Navajo Rug Weaving (1938–39)

Early documentary by Southwest photographer Tad Nichols, preserved by Northern Arizona University with NFPF support.

Good Storage Practices

The IPI Media Storage Quick Reference shows how temperature affects the long-term stability of mixed-media collections.

Identifying the nature of film materials. Nitrate, acetate, and color materials require cold storage for long-term storage.

Assessing conditions helps organize preservation priorities and develop best-fit storage practices. The more advanced the decay of acetate film collections, the colder the storage should be.

Storing film under proper environmental conditions prolongs film life.

The best storage for motion picture film includes cold storage and moderate humidity conditions and good-quality storage enclosures. Metal or plastic cans are safe for film, provided that the containers are not rusty or broken. Archival-quality cardboard boxes are also safe. If film is kept at or near room temperature, do not seal film inside tightly closed bags. At all costs, avoid storing film in prolonged dampness. Under damp conditions, the film will stick together and mold may grow, ruining the emulsion. Damp locations such as basements or attic areas are particularly unsuitable for film storage.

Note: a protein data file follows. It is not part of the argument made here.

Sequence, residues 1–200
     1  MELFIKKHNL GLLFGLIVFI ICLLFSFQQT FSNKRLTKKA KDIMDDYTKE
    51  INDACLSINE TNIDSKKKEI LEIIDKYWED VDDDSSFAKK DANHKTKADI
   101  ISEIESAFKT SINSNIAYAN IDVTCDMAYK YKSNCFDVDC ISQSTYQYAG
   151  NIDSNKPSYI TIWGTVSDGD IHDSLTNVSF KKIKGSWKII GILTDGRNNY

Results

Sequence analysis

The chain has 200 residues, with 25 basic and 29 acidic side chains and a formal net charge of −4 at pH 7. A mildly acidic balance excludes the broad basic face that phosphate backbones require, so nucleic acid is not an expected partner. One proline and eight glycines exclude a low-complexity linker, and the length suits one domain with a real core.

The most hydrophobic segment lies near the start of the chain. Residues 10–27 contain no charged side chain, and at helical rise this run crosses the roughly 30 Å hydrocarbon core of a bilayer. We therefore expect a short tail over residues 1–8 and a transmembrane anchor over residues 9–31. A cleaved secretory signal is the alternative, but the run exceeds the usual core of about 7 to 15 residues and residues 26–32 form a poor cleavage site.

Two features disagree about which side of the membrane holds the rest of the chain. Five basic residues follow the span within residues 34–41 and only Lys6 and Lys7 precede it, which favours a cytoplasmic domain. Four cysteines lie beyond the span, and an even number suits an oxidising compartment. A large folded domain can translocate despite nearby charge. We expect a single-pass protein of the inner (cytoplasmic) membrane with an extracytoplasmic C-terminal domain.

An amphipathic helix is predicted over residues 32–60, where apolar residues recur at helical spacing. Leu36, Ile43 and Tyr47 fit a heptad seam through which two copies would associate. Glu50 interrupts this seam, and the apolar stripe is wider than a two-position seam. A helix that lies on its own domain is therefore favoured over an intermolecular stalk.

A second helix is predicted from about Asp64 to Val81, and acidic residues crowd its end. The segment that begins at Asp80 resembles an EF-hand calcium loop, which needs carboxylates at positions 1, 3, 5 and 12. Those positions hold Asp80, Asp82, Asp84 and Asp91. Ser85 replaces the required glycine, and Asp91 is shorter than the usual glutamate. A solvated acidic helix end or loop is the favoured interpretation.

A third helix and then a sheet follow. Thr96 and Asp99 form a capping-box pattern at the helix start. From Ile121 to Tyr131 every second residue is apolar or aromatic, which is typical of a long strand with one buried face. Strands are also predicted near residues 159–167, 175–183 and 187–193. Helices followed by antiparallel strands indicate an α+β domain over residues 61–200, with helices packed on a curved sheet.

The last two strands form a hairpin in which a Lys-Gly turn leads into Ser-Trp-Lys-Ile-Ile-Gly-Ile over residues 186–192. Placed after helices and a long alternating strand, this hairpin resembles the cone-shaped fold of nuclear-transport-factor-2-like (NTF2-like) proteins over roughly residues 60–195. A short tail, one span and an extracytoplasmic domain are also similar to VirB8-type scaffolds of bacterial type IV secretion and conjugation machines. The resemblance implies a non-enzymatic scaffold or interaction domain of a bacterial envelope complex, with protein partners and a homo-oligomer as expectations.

A relative humidity (RH) of 20 to 50% is best for film storage, with a temperature that is as cold as possible. Use the free IPI Preservation Calculator to evaluate your current storage conditions.

More Information
Peter Z. Adelstein. IPI Media Storage Quick Reference. 2nd ed. Rochester, NY: Image Permanence Institute, Rochester Institute of Technology, 2009). See also IPI’s website